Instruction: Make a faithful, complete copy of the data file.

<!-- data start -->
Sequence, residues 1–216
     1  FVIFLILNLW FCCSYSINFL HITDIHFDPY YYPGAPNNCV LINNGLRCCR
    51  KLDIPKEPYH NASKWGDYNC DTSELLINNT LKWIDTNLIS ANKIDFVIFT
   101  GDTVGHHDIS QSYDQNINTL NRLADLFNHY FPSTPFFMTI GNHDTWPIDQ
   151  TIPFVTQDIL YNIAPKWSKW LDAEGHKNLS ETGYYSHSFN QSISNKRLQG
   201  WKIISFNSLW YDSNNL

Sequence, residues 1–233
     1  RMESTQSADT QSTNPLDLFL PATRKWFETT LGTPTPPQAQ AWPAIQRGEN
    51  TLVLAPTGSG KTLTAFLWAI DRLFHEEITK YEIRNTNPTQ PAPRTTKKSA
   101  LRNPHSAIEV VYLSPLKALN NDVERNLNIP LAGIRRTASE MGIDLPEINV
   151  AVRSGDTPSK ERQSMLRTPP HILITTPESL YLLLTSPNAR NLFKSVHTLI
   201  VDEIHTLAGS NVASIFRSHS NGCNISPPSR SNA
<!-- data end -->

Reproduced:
Sequence, residues 1–216
     1  FVIFLILNLW FCCSYSINFL HITDIHFDPY YYPGAPNNCV LINNGLRCCR
    51  KLDIPKEPYH NASKWGDYNC DTSELLINNT LKWIDTNLIS ANKIDFVIFT
   101  GDTVGHHDIS QSYDQNINTL NRLADLFNHY FPSTPFFMTI GNHDTWPIDQ
   151  TIPFVTQDIL YNIAPKWSKW LDAEGHKNLS ETGYYSHSFN QSISNKRLQG
   201  WKIISFNSLW YDSNNL

Sequence, residues 1–233
     1  RMESTQSADT QSTNPLDLFL PATRKWFETT LGTPTPPQAQ AWPAIQRGEN
    51  TLVLAPTGSG KTLTAFLWAI DRLFHEEITK YEIRNTNPTQ PAPRTTKKSA
   101  LRNPHSAIEV VYLSPLKALN NDVERNLNIP LAGIRRTASE MGIDLPEINV
   151  AVRSGDTPSK ERQSMLRTPP HILITTPESL YLLLTSPNAR NLFKSVHTLI
   201  VDEIHTLAGS NVASIFRSHS NGCNISPPSR SNA